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Over the last three months I’ve been struggling with fatigue over the couple of days leading into my menstrual cycle or the first couple of days of my cycle. The purpose of ‘The Ash Hunter Diaries’ is for me to be open with you guys about my ups and downs along my journey towards Cozumel and my quest for Kona 2020. This has definitely been a low in my journey as it keeps interrupting the flow (pardon the pun) of my consistent training blocks... ugh! There’s nothing more frustrating than when training seems to be going on track and all of a sudden… BOOM! I’m floored for 1 or 2, or sometimes even 3 days with fatigue. Welcome to the world of being a female athlete.
Ever since I can remember, I’ve trained through this time of the month and have found some months affect me more than others and some don’t affect me at all. As of lately, though, I’ve noticed the affects three months in a row. I’ve always felt rather guilty or have beat myself up about not being able to achieve my target sessions during the pre-menstrual time of the month because I didn’t really understand what was going on inside my body. I hope that this blog helps other women who’ve experienced the same thing so they’re not be so hard on themselves when they can’t hit their targets during this time of the month. So let’s take a look at what happens to our hormones and the four different phases during the menstrual cycle and then we’ll take a look at a very simplified explanation on how and why our training is affected by our fluctuating hormones.
A quick summary – what is the menstrual cycle?
“The menstrual cycle starts with menses, when females are (unless they have become pregnant) bleeding and shedding the uterine lining. Menses is the start of the follicular phase, or “low hormone” phase, characterized by low luteinizing hormone (LH), follicle stimulating hormone (FSH), progesterone and slowly increasing levels of estrogens. This phase lasts for around the first 14 days of the menstrual cycle. Then around the "middle" of the cycle ovulation should occur, which is characterized by a spike in levels of estrogen and luteinizing hormone. This coincides with the release of the egg and is the time of the menstrual cycle when females can become pregnant. Ovulation is followed by the luteal phase and is the high-hormone phase of the menstrual cycle when both estrogen and progesterone levels are higher.” (Ihalainen, 2019)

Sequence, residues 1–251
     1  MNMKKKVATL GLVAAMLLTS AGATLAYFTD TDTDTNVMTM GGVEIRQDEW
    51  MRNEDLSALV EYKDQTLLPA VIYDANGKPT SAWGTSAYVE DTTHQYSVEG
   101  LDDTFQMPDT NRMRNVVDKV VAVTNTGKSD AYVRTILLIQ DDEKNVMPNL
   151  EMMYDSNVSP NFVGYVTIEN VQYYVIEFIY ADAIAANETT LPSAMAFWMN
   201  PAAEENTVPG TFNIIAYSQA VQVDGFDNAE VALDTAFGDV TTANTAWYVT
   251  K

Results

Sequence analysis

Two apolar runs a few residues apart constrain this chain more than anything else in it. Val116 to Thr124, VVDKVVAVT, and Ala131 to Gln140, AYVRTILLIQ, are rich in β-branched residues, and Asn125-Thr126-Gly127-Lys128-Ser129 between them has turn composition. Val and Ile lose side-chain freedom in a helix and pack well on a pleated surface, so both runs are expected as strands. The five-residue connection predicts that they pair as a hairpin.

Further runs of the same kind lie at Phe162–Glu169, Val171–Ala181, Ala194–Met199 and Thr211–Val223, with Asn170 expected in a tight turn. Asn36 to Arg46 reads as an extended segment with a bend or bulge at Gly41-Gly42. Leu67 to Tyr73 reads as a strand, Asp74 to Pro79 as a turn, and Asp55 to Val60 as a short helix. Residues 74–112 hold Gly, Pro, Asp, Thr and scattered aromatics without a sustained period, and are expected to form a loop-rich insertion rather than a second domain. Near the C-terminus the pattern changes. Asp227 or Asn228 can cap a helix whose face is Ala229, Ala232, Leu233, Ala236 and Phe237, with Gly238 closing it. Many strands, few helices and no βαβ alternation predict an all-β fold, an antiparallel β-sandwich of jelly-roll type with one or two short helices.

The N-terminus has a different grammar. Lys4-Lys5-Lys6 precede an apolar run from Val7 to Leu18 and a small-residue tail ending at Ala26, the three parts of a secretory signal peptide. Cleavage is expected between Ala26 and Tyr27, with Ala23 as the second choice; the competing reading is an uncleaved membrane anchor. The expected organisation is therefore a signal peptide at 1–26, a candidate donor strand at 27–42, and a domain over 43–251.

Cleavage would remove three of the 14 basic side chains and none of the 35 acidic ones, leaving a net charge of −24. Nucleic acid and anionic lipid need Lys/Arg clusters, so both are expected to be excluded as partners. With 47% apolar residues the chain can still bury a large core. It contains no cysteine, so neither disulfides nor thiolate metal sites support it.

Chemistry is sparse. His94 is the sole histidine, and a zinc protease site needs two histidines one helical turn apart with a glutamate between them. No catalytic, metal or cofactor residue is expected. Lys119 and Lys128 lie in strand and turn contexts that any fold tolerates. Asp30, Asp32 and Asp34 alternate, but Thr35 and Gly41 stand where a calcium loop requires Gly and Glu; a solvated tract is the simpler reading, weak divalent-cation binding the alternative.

According to author Dr Stacy Sims, when we start to get into the high hormonal phase (luteal phase / pre-menstrual phase) this is where oestrogen is inhibiting carbohydrate utilisation so therefore we can’t quite hit high intensities in training at this time. Increased oestrogen levels usually increases serotonin in the brain which causes some brain fog. The increase of progesterone increases the core temperature so we have less time to fatigue and less tolerance to heat. During the high hormonal phase we have less water in the blood so we become less efficient at getting blood to the working muscle tissue. Now that we know how our performance is slightly impeded we can use nutrition and recovery practises to overcome this.
Attempting to train when my hormones wreak havoc - slightly dramatic but keeping it real
The alarm goes off… my brain tells my body to get up, it doesn’t respond. With the sound of the alarm in the background, I feel like I’m looking at my body from above trying to wake it but it seems to be stuck in quicksand. I’m standing above my body shouting at it with motivational thoughts like, “you are ready,” “get up and slay that bike today, Ash” then I turn to negative comments to really try and get me out of bed, “you’re never going to achieve your best” or “get up, you’re being weak.” I end up having an internal battle and agree to reset the alarm for another 30 mins time. I roll over and regretfully still lay there achieving nothing because I am feeling so guilty for feeling like I’m giving in to fatigue and not being on my bike. One would think this would be a clear indicator that one needs to stay in bed. Hmmm.